Sunday, April 5, 2015

42099:: In which I mull over telling the truth

Not so many years ago, I would have been spending this day like many others: wedging myself into an already over-crowded church, wearing a new outfit and shoes that turned out to be a bad choice, wondering who all these "new" people are in church today, to be followed by a rousing hunt in the garden with dyed eggs and too much candy, followed by photos of children in their frilly dresses and over-flowing baskets of booty.

Instead, I am sitting in my robe with my cup of tea at the kitchen table listening to the dishwasher work its magic on yesterday's dishes, watching the cat freak out and run inside at the bursts of wind and blowing leaves, and laying out my paperwork to get the taxes finished.

So what happened to me to turn me into an anti-Easter, church-ditching Scrooge? I guess you could say, "Truth."

Looking back, I think my search began long before I became aware of it. I recall a discussion with my then brand new sister-in-law about my discomfort with lying to children about things like Santa Claus and the Easter bunny. My reasoning was, how can we expect children to believe us when we tell them that God and Jesus are not made up stories when we mix the truth of "important holidays" such as Christmas and Easter with Santa and bunnies and eggs. Her reply was, "Just wait until you have kids of your own." Meaning, I suppose, that the pressure to conform to what other families and churches and children are doing during these seasons is enough to make you lay down your questions and convictions. And she was right.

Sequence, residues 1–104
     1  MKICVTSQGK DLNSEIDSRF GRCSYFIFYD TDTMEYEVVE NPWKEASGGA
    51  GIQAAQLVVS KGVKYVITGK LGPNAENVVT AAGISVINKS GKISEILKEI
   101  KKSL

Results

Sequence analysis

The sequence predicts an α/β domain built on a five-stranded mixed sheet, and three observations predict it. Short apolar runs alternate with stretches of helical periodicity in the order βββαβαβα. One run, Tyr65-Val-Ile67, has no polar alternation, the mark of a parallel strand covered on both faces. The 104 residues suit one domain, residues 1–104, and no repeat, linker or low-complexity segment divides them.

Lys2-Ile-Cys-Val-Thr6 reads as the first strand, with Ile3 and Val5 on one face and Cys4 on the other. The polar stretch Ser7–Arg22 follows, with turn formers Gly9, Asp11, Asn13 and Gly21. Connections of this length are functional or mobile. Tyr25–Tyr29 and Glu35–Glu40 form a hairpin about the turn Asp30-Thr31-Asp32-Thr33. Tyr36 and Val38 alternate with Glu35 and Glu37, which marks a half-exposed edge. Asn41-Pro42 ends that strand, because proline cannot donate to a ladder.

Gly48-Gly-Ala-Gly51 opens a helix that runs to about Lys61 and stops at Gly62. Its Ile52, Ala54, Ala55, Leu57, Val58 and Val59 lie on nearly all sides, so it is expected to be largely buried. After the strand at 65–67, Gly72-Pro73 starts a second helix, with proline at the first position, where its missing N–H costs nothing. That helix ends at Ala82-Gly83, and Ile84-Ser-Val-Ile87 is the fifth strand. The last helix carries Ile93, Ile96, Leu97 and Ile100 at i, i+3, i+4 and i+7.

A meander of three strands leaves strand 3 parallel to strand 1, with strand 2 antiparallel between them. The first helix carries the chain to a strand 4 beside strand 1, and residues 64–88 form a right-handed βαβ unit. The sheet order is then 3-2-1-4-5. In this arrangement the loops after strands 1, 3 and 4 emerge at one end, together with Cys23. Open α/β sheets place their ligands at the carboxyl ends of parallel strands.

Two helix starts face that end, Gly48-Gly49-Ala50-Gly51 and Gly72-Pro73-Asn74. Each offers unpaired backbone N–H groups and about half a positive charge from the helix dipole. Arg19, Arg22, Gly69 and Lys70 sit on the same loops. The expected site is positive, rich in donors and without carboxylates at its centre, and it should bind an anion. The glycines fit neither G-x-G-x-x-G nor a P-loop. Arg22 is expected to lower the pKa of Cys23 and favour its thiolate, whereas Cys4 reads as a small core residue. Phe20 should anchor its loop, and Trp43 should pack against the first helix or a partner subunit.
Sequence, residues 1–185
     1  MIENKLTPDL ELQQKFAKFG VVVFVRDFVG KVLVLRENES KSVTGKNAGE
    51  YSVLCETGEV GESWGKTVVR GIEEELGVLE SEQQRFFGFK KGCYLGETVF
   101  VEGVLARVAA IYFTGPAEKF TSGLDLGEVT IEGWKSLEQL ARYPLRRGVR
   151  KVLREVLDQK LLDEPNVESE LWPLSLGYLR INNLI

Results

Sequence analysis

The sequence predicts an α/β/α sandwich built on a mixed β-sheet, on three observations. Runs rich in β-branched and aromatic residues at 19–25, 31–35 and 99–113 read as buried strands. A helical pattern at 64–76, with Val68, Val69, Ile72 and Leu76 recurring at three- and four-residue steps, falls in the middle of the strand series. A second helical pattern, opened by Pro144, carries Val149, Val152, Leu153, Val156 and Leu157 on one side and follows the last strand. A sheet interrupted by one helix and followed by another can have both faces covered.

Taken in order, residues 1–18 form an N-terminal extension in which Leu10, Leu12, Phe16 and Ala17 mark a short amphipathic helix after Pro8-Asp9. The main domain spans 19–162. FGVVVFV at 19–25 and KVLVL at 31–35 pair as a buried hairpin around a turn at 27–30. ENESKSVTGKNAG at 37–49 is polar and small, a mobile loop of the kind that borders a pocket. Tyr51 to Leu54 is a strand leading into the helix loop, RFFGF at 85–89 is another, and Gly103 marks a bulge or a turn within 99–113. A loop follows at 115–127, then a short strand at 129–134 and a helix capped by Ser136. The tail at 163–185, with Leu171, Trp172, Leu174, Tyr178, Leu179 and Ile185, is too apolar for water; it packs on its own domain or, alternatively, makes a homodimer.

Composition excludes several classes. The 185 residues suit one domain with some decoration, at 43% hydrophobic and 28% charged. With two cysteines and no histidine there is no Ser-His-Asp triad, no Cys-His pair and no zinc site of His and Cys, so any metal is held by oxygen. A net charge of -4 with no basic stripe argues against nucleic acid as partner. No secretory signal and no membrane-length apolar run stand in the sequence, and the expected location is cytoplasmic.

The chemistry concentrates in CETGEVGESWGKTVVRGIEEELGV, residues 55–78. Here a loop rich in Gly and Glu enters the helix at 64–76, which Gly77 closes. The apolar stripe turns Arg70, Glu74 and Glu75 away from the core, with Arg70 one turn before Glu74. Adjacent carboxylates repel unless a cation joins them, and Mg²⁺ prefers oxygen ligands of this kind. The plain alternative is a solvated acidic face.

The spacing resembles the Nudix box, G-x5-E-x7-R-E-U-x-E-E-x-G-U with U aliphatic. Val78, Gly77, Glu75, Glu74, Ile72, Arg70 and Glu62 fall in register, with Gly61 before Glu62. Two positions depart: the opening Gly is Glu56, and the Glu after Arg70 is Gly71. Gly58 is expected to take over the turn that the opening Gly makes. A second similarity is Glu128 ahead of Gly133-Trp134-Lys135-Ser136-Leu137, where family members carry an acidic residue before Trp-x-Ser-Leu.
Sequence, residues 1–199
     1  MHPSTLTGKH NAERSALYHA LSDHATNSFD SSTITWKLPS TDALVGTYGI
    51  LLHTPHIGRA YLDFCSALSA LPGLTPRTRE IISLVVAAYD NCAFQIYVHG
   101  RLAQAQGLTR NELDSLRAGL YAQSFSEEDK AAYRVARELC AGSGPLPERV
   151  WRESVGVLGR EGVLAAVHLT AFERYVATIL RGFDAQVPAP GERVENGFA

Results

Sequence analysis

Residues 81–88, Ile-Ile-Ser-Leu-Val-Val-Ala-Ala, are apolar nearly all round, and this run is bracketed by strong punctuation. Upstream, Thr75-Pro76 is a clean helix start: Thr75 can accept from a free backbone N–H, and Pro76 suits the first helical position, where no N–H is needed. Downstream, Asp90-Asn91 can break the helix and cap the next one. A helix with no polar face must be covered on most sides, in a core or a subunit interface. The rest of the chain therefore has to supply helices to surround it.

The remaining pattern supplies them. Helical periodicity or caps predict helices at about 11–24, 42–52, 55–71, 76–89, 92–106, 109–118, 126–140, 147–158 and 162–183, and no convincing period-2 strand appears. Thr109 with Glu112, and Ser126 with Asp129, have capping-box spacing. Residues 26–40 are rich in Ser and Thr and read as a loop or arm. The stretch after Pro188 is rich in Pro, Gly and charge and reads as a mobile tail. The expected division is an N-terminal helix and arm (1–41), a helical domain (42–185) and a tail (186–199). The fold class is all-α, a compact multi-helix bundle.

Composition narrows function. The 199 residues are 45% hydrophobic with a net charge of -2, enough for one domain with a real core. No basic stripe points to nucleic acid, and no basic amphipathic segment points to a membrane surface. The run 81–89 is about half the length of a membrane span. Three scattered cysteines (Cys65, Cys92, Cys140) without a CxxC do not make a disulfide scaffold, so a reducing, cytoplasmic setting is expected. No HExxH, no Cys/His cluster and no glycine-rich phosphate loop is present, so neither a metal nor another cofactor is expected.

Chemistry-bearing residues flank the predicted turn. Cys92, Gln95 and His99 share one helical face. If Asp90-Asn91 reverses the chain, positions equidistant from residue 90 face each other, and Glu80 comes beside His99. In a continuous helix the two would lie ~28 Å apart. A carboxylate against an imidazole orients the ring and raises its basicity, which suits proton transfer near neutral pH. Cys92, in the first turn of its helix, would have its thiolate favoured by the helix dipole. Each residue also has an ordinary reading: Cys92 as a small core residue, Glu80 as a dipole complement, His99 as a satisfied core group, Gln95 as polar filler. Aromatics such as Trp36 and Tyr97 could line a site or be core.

I did not have the strength to be "that mother" who spoiled the fun for her children by denying them the innocent fun of wearing K-Mart costumes while dragging pillowcases around the neighborhood to stock up on candy that I did not want them to eat, followed by sitting on a stranger's lap in the mall to get a piece of candy after drilling them about never taking candy from strangers, followed by pasting heart-shaped doilies and stickers onto cards made of red construction paper to give to others in exchange for cupcakes with so much red dye that it came out looking like they'd eaten beets the day before, followed by wearing green clothing to placate imaginary arm-pinching leprechauns and eating cupcakes with so much green dye that it came out looking like they'd eaten... well, green dye the day before. And on the heels of all this mindless, sugar-filled frivolity was the capper: dying eggs no one will eat, filling plastic eggs with candy no one will eat, and arguing about "who ate the ears off my chocolate bunny" until Mom or Dad takes them all away and puts them in the freezer - while all the while pretending that these activities are harmless because we have turned them into opportunities to teach our children about "Jesus."